Roll your own deal alerts and avoid paying too much.


Jared Newman / IDG

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Here at PCWorld, we do our best to keep you informed on great deals in tech, but sometimes that’s just not enough. We can’t possibly anticipate everything you might want to buy online, especially when the products are too niche or when they fall outside the realm of tech entirely.

That’s why rolling your own deal alerts is an invaluable skill for saving money online. By setting up alerts and reminders for just the products you actually care about, you’ll stand less chance of missing out when prices fall, and you’ll avoid getting duped by “sales” on products with inflated list prices.

With Amazon Prime Day set for June 21 and June 22, now’s the perfect time to get situated. Here are a handful of my favorite tools for tracking prices online, each with their own strengths and weaknesses.

For more bargain-hunting tips, see how to snag Prime Day Lightning Deals.

CamelCamelCamel for Amazon price alerts

For Amazon in particular, CamelCamelCamel (pictured above) is a tool that no shopper should be without, as it allows you to view the price history of any product on the site and set up email alerts when prices fall.

To look up a product on CamelCamelCamel, either search for it by name or copy and paste the entire Amazon product page address into CamelCamelCamel’s search bar. You’ll see a line graph of the product’s price over time, along with an alert setup box for entering a desired price and your email address. You can also add the Camelizer extension to Chrome, Firefox, or Safari, letting you load the price history with one click from any Amazon listing.

Keep in mind that CamelCamelCamel tracks prices separately for third-party merchants and used products, so you’ll have to set up additional alerts for each of the listings, but there’s no limit on how many alerts you can set up.

Google Shopping for other retailers

onyxboox Jared Newman / IDG

For more price history insights on non-Amazon stores, give Google’s Shopping website a try, as it has a somewhat-hidden ability to get alerts from other retailers. Here’s how to find it:

  • Search for any product on the Shopping homepage.
  • Scroll past the initial list of “Sponsored” listings at the top
  • Click the name of the product you want to track
  • Click the blue “View product details” link in the expanded info box.
  • On the next page, look for the box showing a range of typical prices, and click the “Track price” toggle underneath.

Just one caveat: Google Shopping has a nasty habit of occasionally listing unscrupulous retailers alongside legitimate ones. If a price looks too good to be true on a site you’ve never heard of, ignore it.

Honey or Microsoft Edge for store-specific intel

honeyeedge Jared Newman / IDG

While browsing the web on your desktop, you’ve also got a couple other tools at your disposal.

Honey is a free browser extension for Chrome or Firefox that acts like a smart shopping assistant. Once installed, you’ll see a little orange logo near the top-right of your browser on sites like Amazon or Best Buy. Hovering over it will show you the product’s 30-day price history, and if you click “See price history,” it’ll bring up a larger chart where you can view up to four months of data. If you want to get alerts for better prices, you can select “Add to Droplist” in the pop-up menu. (By default, the extension also automatically syncs any items you add to your Amazon wishlist.)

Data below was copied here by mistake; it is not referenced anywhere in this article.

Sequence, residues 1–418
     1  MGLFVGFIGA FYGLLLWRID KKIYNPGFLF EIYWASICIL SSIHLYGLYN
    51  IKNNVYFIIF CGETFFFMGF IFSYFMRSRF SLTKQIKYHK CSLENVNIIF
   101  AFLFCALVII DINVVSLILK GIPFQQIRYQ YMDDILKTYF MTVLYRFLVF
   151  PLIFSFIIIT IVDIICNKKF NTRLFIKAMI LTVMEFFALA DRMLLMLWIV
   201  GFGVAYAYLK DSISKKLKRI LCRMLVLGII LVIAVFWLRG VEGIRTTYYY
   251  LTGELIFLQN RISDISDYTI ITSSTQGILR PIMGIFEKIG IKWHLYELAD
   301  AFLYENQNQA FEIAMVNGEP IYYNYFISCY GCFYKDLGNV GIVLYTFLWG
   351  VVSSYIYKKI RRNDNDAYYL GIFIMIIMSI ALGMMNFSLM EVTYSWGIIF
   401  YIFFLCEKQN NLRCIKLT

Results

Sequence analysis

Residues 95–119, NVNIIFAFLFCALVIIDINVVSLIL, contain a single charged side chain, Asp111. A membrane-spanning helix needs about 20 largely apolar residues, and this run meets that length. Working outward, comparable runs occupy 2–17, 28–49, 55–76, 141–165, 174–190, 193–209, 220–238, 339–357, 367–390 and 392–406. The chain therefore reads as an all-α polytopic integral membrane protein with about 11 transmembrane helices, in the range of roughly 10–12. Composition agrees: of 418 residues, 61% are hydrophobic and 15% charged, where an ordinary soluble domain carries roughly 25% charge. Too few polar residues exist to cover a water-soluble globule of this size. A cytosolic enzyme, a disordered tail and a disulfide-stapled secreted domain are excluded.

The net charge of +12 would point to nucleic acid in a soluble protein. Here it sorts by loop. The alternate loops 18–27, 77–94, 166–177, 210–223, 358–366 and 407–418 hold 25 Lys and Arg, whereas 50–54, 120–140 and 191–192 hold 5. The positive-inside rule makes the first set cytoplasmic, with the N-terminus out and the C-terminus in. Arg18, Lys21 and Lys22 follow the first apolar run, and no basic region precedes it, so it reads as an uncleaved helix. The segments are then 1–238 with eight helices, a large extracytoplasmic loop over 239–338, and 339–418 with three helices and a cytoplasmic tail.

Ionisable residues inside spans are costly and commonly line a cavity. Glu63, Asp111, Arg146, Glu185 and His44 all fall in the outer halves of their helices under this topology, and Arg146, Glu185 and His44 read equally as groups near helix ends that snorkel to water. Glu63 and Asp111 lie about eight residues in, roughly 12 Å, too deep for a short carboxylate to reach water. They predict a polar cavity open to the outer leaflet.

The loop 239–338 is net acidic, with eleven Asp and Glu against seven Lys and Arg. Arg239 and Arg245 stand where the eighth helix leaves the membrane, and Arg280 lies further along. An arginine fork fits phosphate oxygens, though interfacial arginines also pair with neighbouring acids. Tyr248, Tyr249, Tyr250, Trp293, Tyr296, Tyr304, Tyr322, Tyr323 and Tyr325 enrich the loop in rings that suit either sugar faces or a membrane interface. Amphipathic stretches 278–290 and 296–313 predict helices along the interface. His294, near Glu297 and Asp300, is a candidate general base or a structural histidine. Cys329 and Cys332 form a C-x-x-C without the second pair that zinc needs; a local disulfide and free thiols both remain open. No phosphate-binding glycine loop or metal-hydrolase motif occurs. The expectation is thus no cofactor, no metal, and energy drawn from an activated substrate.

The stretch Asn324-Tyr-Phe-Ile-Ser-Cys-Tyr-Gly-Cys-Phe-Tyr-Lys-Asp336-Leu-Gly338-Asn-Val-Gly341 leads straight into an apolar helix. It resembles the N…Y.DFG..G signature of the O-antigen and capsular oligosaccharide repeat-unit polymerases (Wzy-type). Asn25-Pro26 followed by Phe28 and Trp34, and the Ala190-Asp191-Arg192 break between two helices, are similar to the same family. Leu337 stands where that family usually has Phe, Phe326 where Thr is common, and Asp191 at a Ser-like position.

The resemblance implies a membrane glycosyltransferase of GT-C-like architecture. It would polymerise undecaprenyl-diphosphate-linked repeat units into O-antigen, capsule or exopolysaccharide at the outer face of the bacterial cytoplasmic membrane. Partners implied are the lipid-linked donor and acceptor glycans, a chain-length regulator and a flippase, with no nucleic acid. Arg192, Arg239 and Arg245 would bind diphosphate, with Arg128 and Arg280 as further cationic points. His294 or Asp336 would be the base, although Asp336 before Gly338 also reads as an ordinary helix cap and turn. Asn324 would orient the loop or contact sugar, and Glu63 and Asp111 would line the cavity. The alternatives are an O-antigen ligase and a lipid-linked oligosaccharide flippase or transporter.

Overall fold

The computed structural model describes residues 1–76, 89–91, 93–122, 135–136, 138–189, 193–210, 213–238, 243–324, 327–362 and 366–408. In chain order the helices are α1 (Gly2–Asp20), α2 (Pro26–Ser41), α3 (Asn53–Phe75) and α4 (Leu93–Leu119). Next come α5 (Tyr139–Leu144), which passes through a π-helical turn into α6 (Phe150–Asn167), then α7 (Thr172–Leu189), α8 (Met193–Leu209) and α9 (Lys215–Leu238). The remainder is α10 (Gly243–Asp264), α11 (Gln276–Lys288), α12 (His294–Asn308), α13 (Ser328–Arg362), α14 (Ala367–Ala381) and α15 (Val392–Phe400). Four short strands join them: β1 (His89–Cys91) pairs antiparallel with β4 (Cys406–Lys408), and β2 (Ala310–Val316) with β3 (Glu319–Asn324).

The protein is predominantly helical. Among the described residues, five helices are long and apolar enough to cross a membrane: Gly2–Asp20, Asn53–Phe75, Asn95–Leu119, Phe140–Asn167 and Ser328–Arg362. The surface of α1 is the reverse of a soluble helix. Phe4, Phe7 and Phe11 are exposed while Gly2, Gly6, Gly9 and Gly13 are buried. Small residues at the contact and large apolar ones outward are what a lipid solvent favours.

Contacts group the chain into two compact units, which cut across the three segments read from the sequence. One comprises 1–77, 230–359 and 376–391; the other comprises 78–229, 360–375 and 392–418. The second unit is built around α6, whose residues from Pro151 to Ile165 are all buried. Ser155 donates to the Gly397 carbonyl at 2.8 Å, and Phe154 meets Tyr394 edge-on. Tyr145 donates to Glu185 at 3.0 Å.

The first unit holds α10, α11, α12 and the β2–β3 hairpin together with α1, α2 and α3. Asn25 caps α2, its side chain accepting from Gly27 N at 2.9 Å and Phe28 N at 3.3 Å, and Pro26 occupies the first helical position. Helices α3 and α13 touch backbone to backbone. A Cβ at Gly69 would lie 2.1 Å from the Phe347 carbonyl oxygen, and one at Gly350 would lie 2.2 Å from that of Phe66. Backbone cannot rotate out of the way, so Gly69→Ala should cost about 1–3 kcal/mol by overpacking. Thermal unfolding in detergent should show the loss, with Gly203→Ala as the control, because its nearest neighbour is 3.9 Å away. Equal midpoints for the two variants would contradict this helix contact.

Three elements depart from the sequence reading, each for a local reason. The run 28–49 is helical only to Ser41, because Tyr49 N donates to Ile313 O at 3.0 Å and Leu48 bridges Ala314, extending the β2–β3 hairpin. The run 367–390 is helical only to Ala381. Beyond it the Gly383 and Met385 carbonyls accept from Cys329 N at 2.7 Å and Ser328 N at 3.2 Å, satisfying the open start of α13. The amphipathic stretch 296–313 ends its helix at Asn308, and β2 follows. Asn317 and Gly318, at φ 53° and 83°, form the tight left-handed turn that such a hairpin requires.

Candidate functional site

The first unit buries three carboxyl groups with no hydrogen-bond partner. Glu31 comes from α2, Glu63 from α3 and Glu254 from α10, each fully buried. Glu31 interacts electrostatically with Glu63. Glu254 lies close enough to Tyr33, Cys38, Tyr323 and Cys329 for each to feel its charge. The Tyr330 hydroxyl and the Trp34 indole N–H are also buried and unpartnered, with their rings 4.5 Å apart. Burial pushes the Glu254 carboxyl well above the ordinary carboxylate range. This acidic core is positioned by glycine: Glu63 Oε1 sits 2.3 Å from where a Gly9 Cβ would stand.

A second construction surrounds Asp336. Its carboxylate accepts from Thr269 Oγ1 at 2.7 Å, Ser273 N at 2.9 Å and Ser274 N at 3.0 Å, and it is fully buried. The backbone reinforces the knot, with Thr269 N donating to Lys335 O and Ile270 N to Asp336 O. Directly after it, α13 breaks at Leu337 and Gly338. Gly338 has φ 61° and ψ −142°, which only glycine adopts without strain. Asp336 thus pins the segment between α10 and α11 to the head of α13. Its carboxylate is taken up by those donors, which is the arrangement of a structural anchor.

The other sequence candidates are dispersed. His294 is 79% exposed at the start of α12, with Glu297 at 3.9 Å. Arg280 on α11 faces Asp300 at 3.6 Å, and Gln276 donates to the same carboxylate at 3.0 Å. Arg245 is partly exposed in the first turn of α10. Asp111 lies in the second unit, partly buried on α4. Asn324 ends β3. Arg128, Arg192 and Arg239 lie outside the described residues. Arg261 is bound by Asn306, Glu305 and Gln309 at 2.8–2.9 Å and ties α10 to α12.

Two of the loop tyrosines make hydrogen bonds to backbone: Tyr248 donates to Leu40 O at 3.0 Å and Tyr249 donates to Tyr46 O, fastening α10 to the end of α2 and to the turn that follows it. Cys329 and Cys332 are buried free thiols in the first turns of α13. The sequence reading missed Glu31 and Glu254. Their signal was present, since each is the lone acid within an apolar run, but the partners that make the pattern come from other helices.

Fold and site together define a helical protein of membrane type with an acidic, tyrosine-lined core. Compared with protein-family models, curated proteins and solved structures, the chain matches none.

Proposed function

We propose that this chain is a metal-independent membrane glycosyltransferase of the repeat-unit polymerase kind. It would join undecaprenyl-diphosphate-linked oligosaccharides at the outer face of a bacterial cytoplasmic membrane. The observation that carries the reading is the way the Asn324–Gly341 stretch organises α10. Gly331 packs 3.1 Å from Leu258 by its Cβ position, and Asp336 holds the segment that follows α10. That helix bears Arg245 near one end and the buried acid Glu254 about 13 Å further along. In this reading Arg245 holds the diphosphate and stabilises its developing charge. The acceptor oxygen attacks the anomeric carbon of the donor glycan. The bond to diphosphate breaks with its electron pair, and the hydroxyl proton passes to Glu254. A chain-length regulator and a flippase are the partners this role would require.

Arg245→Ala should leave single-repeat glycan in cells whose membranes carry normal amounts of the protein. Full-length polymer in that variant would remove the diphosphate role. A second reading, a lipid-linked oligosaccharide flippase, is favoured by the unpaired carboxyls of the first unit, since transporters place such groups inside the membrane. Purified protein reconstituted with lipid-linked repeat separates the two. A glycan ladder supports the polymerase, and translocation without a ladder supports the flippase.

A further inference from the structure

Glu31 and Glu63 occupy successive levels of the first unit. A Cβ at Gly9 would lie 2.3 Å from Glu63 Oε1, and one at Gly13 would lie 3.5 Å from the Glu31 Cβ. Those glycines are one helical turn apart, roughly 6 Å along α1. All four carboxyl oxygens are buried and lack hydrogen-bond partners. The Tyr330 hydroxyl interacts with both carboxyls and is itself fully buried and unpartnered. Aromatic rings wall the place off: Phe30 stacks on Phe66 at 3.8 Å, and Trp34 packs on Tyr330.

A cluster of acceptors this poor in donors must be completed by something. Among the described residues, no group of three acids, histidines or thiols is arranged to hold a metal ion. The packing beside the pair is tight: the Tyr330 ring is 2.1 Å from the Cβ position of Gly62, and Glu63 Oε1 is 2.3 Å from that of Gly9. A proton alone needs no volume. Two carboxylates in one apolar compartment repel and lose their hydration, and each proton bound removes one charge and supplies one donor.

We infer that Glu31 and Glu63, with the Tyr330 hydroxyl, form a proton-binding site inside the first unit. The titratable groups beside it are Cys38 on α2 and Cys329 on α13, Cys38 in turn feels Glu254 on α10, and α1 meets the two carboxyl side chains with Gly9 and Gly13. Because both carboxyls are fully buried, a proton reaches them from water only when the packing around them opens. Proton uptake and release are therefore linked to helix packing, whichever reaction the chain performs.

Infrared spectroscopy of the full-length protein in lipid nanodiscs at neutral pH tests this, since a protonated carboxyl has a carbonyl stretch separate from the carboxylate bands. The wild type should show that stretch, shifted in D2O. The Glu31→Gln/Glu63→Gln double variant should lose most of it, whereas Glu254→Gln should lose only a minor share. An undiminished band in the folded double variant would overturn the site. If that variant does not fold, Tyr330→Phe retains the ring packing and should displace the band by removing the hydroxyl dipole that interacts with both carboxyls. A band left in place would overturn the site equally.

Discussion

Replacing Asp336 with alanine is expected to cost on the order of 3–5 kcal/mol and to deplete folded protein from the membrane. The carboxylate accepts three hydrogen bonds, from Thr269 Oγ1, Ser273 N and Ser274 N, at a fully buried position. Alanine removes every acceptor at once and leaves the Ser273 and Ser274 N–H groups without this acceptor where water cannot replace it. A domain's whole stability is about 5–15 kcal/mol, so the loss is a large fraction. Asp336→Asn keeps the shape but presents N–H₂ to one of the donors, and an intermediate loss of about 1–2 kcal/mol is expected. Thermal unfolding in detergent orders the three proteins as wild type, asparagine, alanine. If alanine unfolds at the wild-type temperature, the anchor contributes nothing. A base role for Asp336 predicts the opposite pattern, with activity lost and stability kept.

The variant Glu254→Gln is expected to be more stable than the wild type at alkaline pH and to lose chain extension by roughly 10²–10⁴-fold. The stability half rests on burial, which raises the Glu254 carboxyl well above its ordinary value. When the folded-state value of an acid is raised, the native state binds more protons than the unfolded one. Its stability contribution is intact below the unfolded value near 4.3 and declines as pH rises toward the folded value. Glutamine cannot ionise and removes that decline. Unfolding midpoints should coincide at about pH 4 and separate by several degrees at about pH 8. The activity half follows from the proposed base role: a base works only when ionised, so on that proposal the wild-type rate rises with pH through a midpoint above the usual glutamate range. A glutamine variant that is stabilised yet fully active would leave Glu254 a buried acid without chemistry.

Occasionally, Honey can also save you money on the spot, either by finding coupons at checkout or letting you buy discounted gift cards equal to the price of the item in your cart.

If you’d rather not install another browser extension, Microsoft Edge has some similar shopping tools built in. Just click on the price tag icon in your address bar while shopping on popular retail sites, and you’ll see both a price history and any applicable coupons. It can also tell you if another site is selling the same product for less.

The downside with both of these tools is that their price histories only apply to one store at a time, so they don’t give you a full sense of what really counts as a great deal.

Slickdeals to cast a wider net

slickdealsalerts Jared Newman / IDG

When you’re not sure exactly what you’re looking for, Slickdeals can send custom deal alerts across a wide range of retailers and products. While you can use it to get alerts on specific products, it’s also useful for searching across entire product categories, as Slickdeals’ community has a knack for digging up great discounts.

To get started, create a Slickdeals account, then head to the deal alerts page. Specify a keyword, category, store, or brand, then hit “More options,” and make sure you’ve selected “Email” for the notification method. You can also install the Slickdeals app for iOS or Android to get push notifications on your phone. Finally, consider adjusting the Rating slider to filter out deals of lesser quality. I suggest only getting alerts for deals that have at least one “fire” icon.

Now comes the hard part…

Even if you set up a whole bunch of deal alerts, it’ll probably be a while until prices drop to the level you’ve specified. Now, it’s just a matter of being patient, and resisting the urge to impulse-buy things that aren’t on your list already.

A version of this article first appeared in Advisorator, Jared’s weekly newsletter for making sense of technology. Sign up to get tips like this in your inbox.

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Jared Newman covers personal technology from his remote Cincinnati outpost. He also publishes two newsletters, Advisorator for tech advice and Cord Cutter Weekly for help with ditching cable or satellite TV.